In 2002, Malaysia and Singapore began an annual sporting event meant to foster friendship and promote healthy living between the two nations. Called The Straits Games (TSG), it now invites athletes from around the world, and next week the 16th annual games will take place in Bali, Indonesia. It also marks the first time the Muslim-majority country has ever hosted TSG.
A tropical wonderland and sporting event unlike any other
Bali, of course, is a tropical tourist destination well-known for its relaxing coral beaches, lush mountain ranges, colorful markets full of haggling and its delicious, inexpensive rice and pork cuisine. The province also has culture everywhere you look, with centuries-old rituals, festivals and temples hidden around every corner.
TSG will take place during Indonesia’s “dry season,” an ideal stretch of sunny, 80-degree weather where locals and international tourists come out to play.
This year’s TSG will feature four days of six sports tournaments — badminton, indoor and beach volleyball, bowling, swimming and a beach run. There will also be three social events: a wet-and-wild beachside pool party; a gala dinner, full of performances and surprises; and an evening at the Bali Gentleman’s Social Club, one of the sexiest clubs in the entire province.
The theme of this year’s TSG is “Free to be Yourself,” and TSG organizer Kedung Soejaya explained to us why. “We’re doing it during Indonesia’s Independence Day, August 17, and it’s also close to Southeast Asian Independence Day for Singapore, Malaysia and Vietnam. It’s about the freedom of being ourselves, which, even in the modern era, we’re still not 100% free.”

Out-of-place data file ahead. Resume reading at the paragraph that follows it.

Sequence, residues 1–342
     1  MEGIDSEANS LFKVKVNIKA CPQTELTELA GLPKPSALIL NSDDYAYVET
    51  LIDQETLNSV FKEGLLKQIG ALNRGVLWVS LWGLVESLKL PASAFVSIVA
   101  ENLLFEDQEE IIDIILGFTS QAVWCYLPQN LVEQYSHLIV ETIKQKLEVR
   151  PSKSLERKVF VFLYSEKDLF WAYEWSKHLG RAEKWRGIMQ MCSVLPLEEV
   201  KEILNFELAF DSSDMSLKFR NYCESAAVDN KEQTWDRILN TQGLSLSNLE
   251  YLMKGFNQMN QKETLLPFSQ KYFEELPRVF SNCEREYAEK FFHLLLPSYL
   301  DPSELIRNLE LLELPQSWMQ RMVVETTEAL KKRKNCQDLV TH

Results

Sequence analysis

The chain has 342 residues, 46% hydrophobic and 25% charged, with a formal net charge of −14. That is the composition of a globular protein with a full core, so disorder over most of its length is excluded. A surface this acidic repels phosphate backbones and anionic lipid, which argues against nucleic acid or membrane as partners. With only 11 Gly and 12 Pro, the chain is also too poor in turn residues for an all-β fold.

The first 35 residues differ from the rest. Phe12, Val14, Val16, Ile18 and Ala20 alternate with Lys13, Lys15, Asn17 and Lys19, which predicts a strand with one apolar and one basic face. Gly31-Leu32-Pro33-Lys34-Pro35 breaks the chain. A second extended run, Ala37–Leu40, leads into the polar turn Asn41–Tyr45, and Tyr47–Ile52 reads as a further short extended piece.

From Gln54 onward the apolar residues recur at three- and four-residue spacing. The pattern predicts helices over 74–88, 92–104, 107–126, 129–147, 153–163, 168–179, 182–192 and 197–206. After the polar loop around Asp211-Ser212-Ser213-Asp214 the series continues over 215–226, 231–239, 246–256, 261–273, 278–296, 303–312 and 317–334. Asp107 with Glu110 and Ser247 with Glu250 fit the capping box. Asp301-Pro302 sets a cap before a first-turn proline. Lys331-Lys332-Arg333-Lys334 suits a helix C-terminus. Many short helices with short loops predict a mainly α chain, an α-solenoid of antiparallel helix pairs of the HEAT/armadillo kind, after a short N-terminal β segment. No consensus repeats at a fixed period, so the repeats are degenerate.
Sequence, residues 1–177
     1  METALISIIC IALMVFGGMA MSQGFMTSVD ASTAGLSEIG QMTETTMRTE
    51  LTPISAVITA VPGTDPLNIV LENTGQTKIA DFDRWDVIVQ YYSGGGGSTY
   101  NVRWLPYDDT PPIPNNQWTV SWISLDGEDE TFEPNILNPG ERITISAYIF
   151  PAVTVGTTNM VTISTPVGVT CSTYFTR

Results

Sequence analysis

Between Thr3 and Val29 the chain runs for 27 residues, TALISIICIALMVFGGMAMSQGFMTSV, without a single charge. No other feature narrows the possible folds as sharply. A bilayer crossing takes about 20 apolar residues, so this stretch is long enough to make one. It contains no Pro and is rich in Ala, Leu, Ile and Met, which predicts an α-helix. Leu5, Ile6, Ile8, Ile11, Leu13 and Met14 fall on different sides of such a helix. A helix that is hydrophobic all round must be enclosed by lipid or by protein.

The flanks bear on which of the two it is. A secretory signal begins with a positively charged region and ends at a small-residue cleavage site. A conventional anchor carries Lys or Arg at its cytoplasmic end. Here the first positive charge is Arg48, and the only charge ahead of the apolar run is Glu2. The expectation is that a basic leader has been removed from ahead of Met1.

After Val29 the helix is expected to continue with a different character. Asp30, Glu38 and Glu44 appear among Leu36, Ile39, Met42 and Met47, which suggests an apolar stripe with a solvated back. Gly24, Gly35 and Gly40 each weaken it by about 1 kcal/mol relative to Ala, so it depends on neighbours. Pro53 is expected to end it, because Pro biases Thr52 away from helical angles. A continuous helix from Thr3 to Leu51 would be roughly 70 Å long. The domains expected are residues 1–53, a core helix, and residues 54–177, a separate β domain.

TSG isn’t just a sporting event, it’s also an HIV charity event
in addition to its sporting and social events, the 16th annual TSG will also be a charity event. TSG has partnered with Bali Peduli, a local HIV organization, to provide three different testing clinics during the Games as well as a Sunday “Lunch and Learn” seminar hosted by Indonesia activist and lecturer Dede Oetomo and a masters student from the University of Sydney. All surplus funds from TSG will go to the organization.
TSG 16 already has confirmed participants from Malaysia, Thailand, Vietnam, China, Hong Kong, Singapore, Australia and, of course, Indonesia. But it’s not too late to register if you’d like to attend.
We’ll see you there!
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